South Africa's vibrant and diverse economy is a powerful draw for Africans from other countries migrating in search of work.
But the chance of earning a wage can come with a price: If undocumented, foreign migrants are liable to be arrested, detained, and deported in circumstances and under conditions that flout South Africa's own laws. And as highlighted by the situation in Limpopo and Mpumalanga provinces, both documented and undocumented foreign farm workers may have their rights under South Africa's basic employment law protections violated by employers in ways ranging from wage exploitation to uncompensated workplace injury, and from appalling housing conditions to workplace violence.
Human Rights Watch has conducted research on the situation and experiences of migrant workers around the globe. Its research demonstrates that migrant workers, whether documented or undocumented, are particularly vulnerable to human rights abuses.
Such abuses can be the result of many different factors including inadequate legal protections, illegal actions of unscrupulous employers or state officials, and lack of state capacity or political will to enforce legal protections and to hold abusive employers and officials to account.
The focus of this report is principally the situation of Zimbabweans and Mozambicans in South Africa's Limpopo and Mpumalanga provinces.
Human Rights Watch believes that in South Africa migrants are regularly subject to human rights violations when they are deported, and that South Africa's Immigration Act is routinely violated. Human Rights Watch researchers spoke with several witnesses who reported that when apprehending suspected undocumented foreigners, police, immigration, and military personnel had assaulted them and extorted money. In one case, a border military patrol failed to prevent the rape of an undocumented migrant whom they had arrested.
Unaccompanied child migrants detained by South African officials are held in police cells with adults, contrary to both domestic and international standards relating to the detention of minors. Deportees allege that police on deportation trains sometimes assault and extort money from them, and have even thrown deportees — who believe they have bought their freedom — off moving trains to their death.
Immigration policy provides that foreign migrants facing deportation should be allowed to collect their unpaid wages, savings, and personal possessions, but in practice this seldom occurs. On the farms of Limpopo and Mpumalanga provinces, many farmers who produce on a large-scale for export or for the domestic market use only documented workers.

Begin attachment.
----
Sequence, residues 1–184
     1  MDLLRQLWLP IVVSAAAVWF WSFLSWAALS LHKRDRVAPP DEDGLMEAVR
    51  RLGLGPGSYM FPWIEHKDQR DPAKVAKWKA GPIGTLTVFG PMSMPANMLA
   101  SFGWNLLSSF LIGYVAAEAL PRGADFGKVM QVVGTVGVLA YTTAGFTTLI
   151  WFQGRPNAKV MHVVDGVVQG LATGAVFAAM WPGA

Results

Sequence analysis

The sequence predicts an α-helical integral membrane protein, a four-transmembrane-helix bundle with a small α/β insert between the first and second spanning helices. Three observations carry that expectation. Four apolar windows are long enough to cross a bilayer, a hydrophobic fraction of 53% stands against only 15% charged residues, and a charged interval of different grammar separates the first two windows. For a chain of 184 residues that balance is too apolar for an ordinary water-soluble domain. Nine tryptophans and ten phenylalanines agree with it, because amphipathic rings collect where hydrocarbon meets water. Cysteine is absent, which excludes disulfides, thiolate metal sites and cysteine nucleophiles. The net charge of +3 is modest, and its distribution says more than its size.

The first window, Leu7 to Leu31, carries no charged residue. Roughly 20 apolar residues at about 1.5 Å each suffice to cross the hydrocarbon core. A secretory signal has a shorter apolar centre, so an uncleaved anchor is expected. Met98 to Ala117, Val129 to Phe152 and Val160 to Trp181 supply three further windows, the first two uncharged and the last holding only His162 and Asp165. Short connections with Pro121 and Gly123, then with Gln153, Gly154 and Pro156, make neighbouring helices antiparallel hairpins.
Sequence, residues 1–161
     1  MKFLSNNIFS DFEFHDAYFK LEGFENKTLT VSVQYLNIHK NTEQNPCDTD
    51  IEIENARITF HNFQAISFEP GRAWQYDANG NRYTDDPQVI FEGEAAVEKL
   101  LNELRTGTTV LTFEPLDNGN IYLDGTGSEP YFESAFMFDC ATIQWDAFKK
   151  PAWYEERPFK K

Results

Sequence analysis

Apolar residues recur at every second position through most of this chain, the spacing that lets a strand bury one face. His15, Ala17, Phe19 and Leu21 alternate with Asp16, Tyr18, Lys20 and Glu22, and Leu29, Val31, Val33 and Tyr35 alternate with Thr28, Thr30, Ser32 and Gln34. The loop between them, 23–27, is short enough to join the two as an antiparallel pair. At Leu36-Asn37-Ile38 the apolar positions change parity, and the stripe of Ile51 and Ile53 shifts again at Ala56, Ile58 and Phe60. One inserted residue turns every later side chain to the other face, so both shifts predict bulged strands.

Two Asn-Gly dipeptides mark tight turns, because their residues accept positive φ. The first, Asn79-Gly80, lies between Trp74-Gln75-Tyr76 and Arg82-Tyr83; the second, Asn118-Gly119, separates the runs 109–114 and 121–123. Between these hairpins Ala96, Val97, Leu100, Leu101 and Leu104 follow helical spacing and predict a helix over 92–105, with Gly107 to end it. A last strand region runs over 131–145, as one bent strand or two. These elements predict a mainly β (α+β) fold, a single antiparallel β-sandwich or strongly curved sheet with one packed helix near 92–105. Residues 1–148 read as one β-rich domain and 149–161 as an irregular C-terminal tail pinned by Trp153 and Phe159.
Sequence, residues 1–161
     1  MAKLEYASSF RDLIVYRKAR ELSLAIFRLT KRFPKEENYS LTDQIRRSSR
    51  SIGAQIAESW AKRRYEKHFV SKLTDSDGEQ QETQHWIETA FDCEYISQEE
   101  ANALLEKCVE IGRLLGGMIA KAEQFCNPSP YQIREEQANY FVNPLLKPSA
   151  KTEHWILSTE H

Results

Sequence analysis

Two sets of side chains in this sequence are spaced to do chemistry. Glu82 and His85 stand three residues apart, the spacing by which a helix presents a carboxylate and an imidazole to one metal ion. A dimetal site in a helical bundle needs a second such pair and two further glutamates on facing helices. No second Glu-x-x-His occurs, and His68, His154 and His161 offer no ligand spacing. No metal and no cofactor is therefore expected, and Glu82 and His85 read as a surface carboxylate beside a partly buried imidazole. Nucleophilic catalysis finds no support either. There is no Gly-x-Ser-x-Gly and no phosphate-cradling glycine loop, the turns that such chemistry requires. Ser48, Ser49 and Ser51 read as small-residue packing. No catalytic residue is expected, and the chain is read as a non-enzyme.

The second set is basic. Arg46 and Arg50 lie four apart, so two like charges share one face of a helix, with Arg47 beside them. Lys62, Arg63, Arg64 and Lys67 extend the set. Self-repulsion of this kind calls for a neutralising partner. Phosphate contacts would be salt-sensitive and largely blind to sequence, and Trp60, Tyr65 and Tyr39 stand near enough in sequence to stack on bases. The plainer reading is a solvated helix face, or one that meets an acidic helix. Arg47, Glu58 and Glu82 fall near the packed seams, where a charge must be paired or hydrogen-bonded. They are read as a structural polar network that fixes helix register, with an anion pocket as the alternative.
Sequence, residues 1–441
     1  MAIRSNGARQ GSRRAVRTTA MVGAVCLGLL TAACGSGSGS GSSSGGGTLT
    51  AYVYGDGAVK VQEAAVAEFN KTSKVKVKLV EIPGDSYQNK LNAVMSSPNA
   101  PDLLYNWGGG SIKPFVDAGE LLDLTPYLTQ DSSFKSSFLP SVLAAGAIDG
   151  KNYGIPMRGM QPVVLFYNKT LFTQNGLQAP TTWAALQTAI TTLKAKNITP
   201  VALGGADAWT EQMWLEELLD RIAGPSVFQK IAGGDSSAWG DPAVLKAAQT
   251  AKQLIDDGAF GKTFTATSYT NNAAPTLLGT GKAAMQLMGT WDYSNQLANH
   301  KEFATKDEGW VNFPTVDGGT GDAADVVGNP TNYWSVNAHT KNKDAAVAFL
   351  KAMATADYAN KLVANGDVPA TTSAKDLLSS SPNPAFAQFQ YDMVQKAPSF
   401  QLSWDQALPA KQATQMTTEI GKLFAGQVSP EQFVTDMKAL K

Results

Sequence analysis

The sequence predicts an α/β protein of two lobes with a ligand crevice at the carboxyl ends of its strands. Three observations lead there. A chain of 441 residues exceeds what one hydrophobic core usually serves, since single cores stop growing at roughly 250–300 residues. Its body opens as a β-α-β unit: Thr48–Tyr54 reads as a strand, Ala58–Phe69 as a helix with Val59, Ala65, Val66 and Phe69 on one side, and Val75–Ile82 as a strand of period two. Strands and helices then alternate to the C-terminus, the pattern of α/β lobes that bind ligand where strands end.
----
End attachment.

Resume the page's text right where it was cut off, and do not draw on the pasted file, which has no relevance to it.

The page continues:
This leaves farm owners whose market contributions and labor forces are much smaller as the principal employers of undocumented workers. But documented or not, workers experience abuse and exploitation: While many large-scale farmers do adhere to the basic conditions of employment law, other farmers openly disregard the minimum wage, do not pay overtime, sick leave, or annual leave, and make unlawful deductions from workers' wages.
Existing legislation also creates disincentives for employers to provide housing for workers. Farm workers are still too often the victims of violence by employers and other farm staff, which the workers may be unwilling to report for fear of losing their jobs. Many employers do not claim state compensation to be passed on to farm workers who are injured at work, and when they do, the practice whereby payments can only be made into a bank account creates a barrier for foreign workers who normally are unable to have accounts to receive compensation settlements.
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Although the aspect of the report covering abuse in employment focuses on the human rights situation of foreign migrant workers on farms in Limpopo and Mpumalanga provinces, it also provides one of the first assessments of employment conditions on farms since the introduction of a minimum wage in Its findings also suggest that South African farm workers suffer a similar lack of legal protection as foreign farm workers regarding basic employment conditions.